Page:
I should really stop reading articles about the Windows 8 Secure Boot requirements. I'm only going to get annoyed at all the spectacularly incorrect commentary. Apparently people don't want a system where they can guarantee the kernel has not been compromised by malware.
As best as I can tell, this is what the Windows 8 logo certification actually requires (note: I'm only paying attention to x86-based systems. ARM-based stuff is an entirely different kettle of fish):
- The firmware must support secure boot.
- The firmware must contain the Windows 8 certificate (because, duh).
- If secure boot is enabled, then the firmware must not load any unsigned kernels or drivers (that's the entire point of secure boot).
- The firmware may contain any number of other certificates.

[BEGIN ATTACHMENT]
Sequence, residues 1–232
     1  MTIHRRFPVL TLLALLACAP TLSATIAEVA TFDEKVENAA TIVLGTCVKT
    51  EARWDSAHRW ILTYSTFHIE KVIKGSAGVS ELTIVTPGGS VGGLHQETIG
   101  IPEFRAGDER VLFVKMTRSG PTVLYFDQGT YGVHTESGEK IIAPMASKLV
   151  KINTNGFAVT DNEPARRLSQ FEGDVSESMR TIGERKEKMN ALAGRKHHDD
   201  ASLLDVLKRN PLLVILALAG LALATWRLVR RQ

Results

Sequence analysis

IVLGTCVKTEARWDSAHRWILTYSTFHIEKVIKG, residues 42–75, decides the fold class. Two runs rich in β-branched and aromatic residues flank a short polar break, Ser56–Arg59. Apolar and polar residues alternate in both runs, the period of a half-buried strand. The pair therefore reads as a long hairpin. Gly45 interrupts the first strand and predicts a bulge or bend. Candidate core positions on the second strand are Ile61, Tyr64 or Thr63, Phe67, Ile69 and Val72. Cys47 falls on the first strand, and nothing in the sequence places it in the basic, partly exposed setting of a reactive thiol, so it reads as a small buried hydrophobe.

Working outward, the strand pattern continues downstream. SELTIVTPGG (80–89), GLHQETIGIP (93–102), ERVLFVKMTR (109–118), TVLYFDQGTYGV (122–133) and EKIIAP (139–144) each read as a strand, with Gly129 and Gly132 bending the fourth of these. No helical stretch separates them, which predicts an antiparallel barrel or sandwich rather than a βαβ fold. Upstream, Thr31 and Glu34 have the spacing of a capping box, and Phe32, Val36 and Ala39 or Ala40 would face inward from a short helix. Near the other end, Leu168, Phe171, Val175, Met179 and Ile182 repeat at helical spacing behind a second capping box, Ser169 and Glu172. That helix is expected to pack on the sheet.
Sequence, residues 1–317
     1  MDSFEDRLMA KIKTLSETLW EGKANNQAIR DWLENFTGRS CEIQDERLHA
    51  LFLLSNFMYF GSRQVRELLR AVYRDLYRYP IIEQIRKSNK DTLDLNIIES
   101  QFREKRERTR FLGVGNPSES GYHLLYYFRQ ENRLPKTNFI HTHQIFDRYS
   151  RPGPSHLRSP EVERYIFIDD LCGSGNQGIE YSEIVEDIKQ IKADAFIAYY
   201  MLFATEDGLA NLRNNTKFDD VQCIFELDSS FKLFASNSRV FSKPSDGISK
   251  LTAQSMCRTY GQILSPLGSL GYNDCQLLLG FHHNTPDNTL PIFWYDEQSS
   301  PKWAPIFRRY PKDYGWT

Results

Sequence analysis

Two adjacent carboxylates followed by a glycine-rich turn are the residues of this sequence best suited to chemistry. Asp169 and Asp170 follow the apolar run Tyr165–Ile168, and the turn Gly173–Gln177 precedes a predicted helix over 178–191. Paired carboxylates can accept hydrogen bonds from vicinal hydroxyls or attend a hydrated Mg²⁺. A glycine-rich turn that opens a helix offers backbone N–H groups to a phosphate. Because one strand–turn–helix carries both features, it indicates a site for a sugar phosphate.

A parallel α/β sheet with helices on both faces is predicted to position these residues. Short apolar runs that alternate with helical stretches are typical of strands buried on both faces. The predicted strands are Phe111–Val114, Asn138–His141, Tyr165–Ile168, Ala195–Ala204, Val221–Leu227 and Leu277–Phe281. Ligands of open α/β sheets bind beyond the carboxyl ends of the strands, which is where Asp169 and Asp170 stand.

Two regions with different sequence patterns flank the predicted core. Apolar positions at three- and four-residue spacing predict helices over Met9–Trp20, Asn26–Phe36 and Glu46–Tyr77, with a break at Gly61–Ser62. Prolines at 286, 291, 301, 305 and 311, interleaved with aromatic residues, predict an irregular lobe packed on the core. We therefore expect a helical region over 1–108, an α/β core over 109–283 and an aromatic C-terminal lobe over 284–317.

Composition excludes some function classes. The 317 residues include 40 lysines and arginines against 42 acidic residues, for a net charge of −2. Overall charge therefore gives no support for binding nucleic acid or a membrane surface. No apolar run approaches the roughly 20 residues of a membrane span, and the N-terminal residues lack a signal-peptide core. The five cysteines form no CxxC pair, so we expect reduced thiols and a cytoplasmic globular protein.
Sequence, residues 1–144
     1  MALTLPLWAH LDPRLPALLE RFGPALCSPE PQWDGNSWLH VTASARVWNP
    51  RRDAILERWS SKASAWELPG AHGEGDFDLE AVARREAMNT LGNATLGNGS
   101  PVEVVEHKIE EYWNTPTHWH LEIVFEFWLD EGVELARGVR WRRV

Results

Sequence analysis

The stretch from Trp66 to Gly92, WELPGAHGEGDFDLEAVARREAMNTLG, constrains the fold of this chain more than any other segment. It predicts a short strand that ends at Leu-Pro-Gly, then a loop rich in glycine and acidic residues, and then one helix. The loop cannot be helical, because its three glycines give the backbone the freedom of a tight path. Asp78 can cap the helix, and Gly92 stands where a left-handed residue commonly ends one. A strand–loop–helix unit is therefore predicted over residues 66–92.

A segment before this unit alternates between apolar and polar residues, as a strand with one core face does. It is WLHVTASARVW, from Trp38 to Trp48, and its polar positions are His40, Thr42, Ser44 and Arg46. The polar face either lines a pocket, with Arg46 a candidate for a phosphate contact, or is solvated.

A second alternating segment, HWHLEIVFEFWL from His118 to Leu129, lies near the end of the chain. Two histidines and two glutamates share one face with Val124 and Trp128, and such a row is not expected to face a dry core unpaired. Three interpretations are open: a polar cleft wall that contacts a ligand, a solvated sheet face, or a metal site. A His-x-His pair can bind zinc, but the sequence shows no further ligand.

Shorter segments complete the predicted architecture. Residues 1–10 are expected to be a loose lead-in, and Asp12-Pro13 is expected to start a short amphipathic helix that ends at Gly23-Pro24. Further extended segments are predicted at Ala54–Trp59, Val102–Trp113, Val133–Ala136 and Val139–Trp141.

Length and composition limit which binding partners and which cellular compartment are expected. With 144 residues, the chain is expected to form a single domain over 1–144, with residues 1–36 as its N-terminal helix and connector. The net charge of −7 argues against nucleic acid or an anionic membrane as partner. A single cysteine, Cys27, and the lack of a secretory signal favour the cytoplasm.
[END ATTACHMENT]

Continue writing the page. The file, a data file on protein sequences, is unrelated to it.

- It must be possible to install your own certificates, delete certificates, or even turn off secure boot entirely.
Originally only the first three were actual requirements, but the masses complained that Windows 8 certification did not explicitly require that you would be able to install Linux. So the other requirements were added.
It turns out that a program can only be signed by one certificate, so by far the easiest way to release a signed Linux kernel that will Just Work is to sign it with a certificate that is in turn signed by the Microsoft one as that's going to be present in pretty much any system. And it turns out that one can buy such a certificate (or equivalent - I've not looked in detail at signing your own kernel works) from Verisign for $99. Fedora are going to do this, and I'd imagine that the other major Linux distributions will also do so (because most users want something that Just Works)
So where, exactly, is the problem with all this for x86? I'll agree that the (completely different) requirements for ARM-based systems prevent other operating systems being installed, but when was the last time you saw a desktop computer that ran anything other than x86 or x86_64?